Every May and June, the Delaware Bay draws biologists and nature lovers to the beach as voyeurs of a massive mating spectacle.
Every May and June, the Delaware Bay draws biologists and nature lovers to the beach as voyeurs of a massive mating spectacle. Horseshoe crabs crawl ashore by the hundreds of thousands to fertilize and lay eggs. This year also produced a surge in interested volunteers, there to help the Delaware Department of Natural Resources and Environmental Control count the animals.
Kerry Grens of WHYY’s health and science desk tagged along. She filed this report, including the voices of Smyrna Middle School Teacher and veteran volunteer Jim Hewes, and DNREC Coastal Program Coordinator, Kelly Valencik.
Valencik: We are out on the Ted Harvey Conservation Wildlife Conservation Area, Bay Beach. And the water is right there (laughs). And we can already see some crabs up on the beach over there, so hopefully we’ll have a good number to count here tonight.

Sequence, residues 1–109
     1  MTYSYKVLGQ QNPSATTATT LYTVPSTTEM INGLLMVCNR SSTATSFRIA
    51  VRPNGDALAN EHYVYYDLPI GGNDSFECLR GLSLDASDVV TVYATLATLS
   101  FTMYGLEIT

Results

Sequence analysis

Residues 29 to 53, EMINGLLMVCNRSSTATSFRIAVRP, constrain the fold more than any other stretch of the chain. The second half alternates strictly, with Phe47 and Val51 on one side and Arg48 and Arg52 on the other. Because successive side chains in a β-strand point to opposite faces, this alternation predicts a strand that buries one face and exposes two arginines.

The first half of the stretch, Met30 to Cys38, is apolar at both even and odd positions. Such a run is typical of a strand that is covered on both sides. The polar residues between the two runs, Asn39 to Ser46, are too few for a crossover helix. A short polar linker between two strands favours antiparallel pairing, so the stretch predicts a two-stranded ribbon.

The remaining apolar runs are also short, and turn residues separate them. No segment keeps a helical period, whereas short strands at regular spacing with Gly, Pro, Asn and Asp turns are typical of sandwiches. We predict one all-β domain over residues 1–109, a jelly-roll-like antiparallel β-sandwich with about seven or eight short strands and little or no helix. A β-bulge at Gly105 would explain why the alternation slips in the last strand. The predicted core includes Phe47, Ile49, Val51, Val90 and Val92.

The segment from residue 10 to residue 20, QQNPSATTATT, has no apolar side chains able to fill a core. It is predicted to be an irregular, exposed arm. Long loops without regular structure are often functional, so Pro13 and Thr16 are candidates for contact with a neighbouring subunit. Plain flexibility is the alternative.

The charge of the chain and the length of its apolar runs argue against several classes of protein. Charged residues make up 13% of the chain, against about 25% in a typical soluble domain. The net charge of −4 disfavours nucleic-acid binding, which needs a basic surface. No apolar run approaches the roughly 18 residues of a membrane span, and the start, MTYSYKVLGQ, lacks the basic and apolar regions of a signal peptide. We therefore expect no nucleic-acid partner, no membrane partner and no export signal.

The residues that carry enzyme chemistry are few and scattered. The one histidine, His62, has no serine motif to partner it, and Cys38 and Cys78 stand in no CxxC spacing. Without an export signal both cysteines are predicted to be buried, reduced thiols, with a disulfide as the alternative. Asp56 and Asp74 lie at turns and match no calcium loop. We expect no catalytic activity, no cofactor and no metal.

Valencik: You can see the female is in the middle there. And there’s one, two, three…17 males around her. So yeah, it’s a big cluster there. And then right next to her it looks like there’s another female with more males around her too. Just the same number. Huge number of crabs on the beach tonight. It’s awesome to see.
Volunteer: It’s five of, what do you say we get started?
Hewes: After our first count we move 20 meters down in our individual grid so we get a randomized location and wherever we stop at our 20 count we put our grid down and we count only the crabs within that grid at that specific time and we work our way from the north end of the beach to the south until we run out of beach basically.
Hewes: Seven males, two females.
Hewes: We’re one of the only areas in the world where you get such a high level of crab population. And the shore birds coming up to rest and refuel. It’s an intricate part. When you find out that Delaware and New Jersey hold such a key to so many different species that migrate from the southern parts of South America to northern Canada makes you realize that your little piece actually has a big impact.